Jidda Krishnamurti, philosopher, speaker and writer on psychological revolution, the nature of mind, meditation, inquiry, human relationships, and bringing about radical change in society
Jiddu Krishnamurti (May 11, 1895 – February 17, 1986) was a philosopher, speaker and writer. In his early life he was groomed to be the new World Teacher but later rejected this mantle and withdrew from the Theosophy organization behind it.
His subject matter included psychological revolution, the nature of mind, meditation, inquiry, human relationships, and bringing about radical change in society. He constantly stressed the need for a revolution in the psyche of every human being and emphasised that such revolution cannot be brought about by any external entity, be it religious, political, or social.
Krishnamurti was born in British India. In early adolescence he had a chance encounter with prominent occultist and theosophist Charles Webster Leadbeater in the grounds of the Theosophical Society headquarters at Adyar in Madras. He was subsequently raised under the tutelage of Annie Besant and Leadbeater, leaders of the Society at the time, who believed him to be a ‘vehicle’ for an expected World Teacher. As a young man, he disavowed this idea and dissolved the Order of the Star in the East, an organisation that had been established to support it.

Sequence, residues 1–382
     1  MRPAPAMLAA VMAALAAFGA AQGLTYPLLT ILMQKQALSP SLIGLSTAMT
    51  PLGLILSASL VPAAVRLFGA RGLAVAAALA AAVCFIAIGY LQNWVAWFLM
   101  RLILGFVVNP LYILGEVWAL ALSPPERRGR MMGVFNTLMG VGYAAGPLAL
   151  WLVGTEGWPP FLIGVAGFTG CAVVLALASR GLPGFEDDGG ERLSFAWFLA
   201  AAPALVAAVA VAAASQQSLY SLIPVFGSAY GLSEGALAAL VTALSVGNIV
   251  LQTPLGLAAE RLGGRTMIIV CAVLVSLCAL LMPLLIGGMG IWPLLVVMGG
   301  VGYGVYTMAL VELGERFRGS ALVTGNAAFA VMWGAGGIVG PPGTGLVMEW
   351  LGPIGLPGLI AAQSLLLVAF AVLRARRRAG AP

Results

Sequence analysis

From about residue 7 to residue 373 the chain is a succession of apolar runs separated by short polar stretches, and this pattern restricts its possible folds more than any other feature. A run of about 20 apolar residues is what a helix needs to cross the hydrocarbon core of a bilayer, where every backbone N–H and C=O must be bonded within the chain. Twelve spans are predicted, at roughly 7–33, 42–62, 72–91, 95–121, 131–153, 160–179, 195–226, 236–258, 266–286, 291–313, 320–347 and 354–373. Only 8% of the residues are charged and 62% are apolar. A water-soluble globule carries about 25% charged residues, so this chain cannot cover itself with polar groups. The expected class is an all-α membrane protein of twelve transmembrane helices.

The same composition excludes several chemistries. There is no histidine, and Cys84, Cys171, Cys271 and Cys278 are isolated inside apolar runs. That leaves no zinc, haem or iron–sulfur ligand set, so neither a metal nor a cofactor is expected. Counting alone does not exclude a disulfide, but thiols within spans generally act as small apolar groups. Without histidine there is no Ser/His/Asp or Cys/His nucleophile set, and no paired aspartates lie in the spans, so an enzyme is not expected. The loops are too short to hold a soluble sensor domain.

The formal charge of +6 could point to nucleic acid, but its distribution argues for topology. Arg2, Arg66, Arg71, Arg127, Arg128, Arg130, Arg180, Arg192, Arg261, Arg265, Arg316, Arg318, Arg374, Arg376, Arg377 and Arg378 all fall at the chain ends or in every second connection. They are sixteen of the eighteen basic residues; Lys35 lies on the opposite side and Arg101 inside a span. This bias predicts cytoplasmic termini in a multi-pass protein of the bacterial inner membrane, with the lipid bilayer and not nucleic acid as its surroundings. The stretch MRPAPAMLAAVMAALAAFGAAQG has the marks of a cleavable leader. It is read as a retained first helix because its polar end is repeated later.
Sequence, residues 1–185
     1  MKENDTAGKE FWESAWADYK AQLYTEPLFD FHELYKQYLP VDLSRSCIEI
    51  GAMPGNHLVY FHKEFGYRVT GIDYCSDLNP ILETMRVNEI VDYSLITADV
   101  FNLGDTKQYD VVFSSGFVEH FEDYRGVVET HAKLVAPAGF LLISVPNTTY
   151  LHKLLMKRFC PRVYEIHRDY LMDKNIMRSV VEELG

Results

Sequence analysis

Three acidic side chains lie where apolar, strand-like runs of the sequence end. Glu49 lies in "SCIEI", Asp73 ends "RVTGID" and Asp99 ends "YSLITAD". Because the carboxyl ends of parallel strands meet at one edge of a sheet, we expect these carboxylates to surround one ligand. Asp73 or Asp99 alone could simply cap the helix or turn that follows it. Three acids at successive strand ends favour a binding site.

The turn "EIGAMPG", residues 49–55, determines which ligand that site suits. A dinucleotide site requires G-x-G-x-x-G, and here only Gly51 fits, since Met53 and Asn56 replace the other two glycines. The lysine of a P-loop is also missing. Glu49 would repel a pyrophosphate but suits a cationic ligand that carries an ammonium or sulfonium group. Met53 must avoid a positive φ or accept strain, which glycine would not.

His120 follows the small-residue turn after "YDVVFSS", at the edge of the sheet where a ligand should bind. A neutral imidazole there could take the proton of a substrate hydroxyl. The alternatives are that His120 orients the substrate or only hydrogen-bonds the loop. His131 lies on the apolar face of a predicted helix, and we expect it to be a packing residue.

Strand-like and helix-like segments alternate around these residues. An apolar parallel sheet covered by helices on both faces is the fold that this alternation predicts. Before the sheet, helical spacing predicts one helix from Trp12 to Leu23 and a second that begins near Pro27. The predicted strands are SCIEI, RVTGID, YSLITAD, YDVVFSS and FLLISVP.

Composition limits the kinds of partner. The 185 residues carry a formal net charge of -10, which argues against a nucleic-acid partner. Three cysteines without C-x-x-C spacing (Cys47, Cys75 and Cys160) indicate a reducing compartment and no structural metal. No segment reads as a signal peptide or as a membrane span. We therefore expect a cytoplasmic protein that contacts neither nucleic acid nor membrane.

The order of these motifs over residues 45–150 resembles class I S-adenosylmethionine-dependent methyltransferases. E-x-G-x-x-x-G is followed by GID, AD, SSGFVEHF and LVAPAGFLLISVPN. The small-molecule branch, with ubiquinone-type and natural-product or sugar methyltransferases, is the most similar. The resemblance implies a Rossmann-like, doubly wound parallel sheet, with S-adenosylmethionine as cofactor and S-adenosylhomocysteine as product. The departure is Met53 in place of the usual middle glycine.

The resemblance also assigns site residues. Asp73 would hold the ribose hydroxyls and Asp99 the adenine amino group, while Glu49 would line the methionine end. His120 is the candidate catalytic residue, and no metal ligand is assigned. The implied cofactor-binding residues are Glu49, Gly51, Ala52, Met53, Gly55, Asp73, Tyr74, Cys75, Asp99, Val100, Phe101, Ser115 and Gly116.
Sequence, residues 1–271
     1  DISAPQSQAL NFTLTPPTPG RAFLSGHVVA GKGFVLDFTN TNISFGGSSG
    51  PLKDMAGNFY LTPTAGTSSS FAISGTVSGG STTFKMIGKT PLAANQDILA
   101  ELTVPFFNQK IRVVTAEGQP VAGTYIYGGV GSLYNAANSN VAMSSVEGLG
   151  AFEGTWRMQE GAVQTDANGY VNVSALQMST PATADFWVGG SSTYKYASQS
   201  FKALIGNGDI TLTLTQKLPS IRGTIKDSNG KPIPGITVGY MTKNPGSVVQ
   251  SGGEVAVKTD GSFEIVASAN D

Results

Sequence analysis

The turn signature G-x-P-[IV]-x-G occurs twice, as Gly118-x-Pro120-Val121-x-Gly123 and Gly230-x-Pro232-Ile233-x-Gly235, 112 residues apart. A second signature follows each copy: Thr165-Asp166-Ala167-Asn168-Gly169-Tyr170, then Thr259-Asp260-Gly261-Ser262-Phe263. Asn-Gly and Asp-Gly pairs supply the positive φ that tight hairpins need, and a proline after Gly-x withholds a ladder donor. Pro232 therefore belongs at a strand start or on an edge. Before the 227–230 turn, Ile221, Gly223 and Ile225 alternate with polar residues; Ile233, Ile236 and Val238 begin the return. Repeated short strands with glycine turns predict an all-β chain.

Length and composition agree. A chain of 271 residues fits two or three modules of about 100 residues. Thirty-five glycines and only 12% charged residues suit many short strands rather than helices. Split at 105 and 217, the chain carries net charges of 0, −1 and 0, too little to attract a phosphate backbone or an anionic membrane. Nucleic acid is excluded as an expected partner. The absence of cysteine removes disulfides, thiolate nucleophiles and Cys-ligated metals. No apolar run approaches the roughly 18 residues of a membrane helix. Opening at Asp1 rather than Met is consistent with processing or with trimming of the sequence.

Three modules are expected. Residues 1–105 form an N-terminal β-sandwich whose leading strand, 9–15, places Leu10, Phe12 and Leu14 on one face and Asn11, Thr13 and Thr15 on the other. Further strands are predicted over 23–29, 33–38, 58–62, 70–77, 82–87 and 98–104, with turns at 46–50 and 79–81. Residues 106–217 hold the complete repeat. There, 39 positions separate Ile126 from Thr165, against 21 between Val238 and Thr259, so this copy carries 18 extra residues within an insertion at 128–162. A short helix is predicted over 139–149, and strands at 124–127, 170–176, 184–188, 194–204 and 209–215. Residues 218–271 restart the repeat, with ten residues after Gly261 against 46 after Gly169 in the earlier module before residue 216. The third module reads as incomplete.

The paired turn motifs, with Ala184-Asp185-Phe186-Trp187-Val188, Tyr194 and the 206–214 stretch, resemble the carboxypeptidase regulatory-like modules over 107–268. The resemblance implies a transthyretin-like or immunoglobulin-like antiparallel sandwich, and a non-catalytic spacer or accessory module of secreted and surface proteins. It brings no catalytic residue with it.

He said he had no allegiance to any nationality, caste, religion, or philosophy, and spent the rest of his life travelling the world, speaking to large and small groups and individuals.
He wrote many books, among them: “The First and Last Freedom,” “The Only Revolution,” and “Krishnamurti’s Notebook.” Many of his talks and discussions have been published. His last public talk was in Madras, India, in January 1986, a month before his death at his home in Ojai, California.
His supporters – working through non-profit foundations in India, Great Britain and the United States – oversee several independent schools based on his views on education. They continue to transcribe and distribute his thousands of talks, group and individual discussions, and writings by use of a variety of media formats and languages.
Words of Wisdom
Freedom from the desire for an answer is essential to the understanding of a problem.